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Mountain House Longevity - Pouches

Discussion in 'Preparedness & Survival' started by Sun195, Jun 14, 2012.

  1. Sun195

    Sun195 Pugetropolis, WA Well-Known Member

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    Saw this on Mountain House's Facebook page - we all know their #10 cans last for 25-30 years. Now, it turns out their pouches also have a long lifespan. Before, it was thought these only lasted 7+ years. Loses some quality (and probably some nutritional value) but still edible.


    I'd still choose #10 cans for long-term storage, but knowing that pouches also have a long lifespan creates some new options for food storage.
     
  2. lowly monk

    lowly monk Beaverton, Oregon. Just a guy. Bronze Supporter

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    Have some multi vitamins and your good to go.
     
  3. knuckle Head

    knuckle Head southeast Well-Known Member

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    SUN195 Good data, thanks for posting
     
  4. Blitzkrieg

    Blitzkrieg WA Well-Known Member

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    About 5 years max before the pouches get stale.. the cans last a LOT longer

    Be VERY careful about food allergies, I cannot tolerate ANY dairy products, myself, and they are in almost everything
     
  5. billcoe

    billcoe PDX Platinum Supporter Platinum Supporter

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    Thanks for the chart and the info!!!


    About 10 years back I tried some pouches that were @ 7 years old, stored perfectly in my cool basement the whole time, and disgusting was an apt word for it. Nice to see that Mt House is trying to extend the shelf life of the stock, and appearing to be successful at it. Like you, I agree the #10 tins are the way to go for long term storage, but the pouches, being smaller are very nice. Do they say what "ambient conditions" were? As I understand it, (insert cautionary tale here) cooler storage is MUCH, MUCH better, and infact, if you put the pouch up in your un-air conditioned house, those 100 degree days in the summer that you never think about could radically shorten the shelf life of this product. Which would be a shock if you take it out on the trail and are expecting a decent dinner:)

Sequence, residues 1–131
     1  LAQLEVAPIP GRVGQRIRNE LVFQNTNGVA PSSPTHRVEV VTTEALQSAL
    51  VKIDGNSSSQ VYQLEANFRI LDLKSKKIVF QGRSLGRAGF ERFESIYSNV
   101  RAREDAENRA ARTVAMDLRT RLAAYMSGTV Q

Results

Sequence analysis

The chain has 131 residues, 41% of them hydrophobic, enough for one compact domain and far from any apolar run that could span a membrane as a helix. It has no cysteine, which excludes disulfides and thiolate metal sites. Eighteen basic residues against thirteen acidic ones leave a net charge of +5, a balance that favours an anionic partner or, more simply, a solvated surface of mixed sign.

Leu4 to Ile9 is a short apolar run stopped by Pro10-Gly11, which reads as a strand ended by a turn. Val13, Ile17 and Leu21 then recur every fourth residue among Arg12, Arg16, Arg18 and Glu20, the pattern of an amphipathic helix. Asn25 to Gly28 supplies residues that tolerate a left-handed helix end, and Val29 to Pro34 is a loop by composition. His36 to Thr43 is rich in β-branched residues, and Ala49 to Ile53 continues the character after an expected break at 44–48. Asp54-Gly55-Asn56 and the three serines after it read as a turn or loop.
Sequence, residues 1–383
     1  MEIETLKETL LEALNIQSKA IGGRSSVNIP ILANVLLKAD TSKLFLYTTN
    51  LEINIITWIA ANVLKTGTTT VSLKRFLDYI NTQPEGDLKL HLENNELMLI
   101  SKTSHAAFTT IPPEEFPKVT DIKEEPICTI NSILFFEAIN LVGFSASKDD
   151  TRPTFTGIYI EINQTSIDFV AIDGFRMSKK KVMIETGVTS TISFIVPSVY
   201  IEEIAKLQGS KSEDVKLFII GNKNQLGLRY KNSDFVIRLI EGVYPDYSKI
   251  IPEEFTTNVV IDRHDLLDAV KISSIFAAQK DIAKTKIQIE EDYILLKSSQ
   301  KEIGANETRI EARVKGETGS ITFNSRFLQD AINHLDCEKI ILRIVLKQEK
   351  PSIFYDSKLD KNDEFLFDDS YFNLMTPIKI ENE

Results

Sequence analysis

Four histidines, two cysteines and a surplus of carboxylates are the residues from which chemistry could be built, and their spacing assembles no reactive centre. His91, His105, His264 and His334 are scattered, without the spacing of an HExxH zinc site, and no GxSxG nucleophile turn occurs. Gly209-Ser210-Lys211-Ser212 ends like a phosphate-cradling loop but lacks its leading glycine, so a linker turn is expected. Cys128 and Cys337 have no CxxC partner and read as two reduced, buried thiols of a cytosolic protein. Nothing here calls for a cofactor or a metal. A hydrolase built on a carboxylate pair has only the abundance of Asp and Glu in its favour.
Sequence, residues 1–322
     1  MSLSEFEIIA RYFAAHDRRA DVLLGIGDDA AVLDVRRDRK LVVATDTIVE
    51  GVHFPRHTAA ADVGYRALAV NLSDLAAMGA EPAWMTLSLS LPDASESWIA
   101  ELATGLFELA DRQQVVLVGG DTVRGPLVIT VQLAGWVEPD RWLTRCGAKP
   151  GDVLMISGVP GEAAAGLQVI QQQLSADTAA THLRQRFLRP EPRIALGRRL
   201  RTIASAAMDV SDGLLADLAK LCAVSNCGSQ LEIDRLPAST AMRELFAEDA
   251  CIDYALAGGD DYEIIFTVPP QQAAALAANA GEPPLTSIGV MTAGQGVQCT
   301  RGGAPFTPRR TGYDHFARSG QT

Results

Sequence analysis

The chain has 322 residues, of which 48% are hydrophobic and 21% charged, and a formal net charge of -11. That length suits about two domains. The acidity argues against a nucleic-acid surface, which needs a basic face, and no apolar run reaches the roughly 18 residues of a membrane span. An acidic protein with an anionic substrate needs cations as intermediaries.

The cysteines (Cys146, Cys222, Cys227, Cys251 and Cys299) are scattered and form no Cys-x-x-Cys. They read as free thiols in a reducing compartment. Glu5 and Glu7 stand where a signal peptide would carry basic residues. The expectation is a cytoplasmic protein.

6. Sun195

    Sun195 Pugetropolis, WA Well-Known Member

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    Not sure what conditions they stored these at - probably in a warehouse somewhere in their facility.

    I think it's also important to note that not all of the pouches had great results. Spaghetti, Beef Stroganoff and Lasagna had the lowest average ratings, with some people rating them "moderately to extremely" dislike. Lasagna in particular had a pretty wide spread on the "like" scale. Beef Stew, Rice & Chicken and Noodles & Chicken all did much better.

    As I said, I probably wouldn't buy pouches as a first-line storage item, but if I had some pouches that were getting up there in age, I wouldn't necessarily throw them out either. Could be a good back-up food or something you might trade to someone else. They are also more portable than the #10 cans and easier to prepare since you can just pour the water right into the pouch.

    Another way to look at this: MH sells 72-hr and 7-day variety kits that contain pouches. If you're just getting started in food storage, these probably aren't a bad place to start if they really last longer than 5-7 years. At least you'd have a variety of easy-to-prepare meals.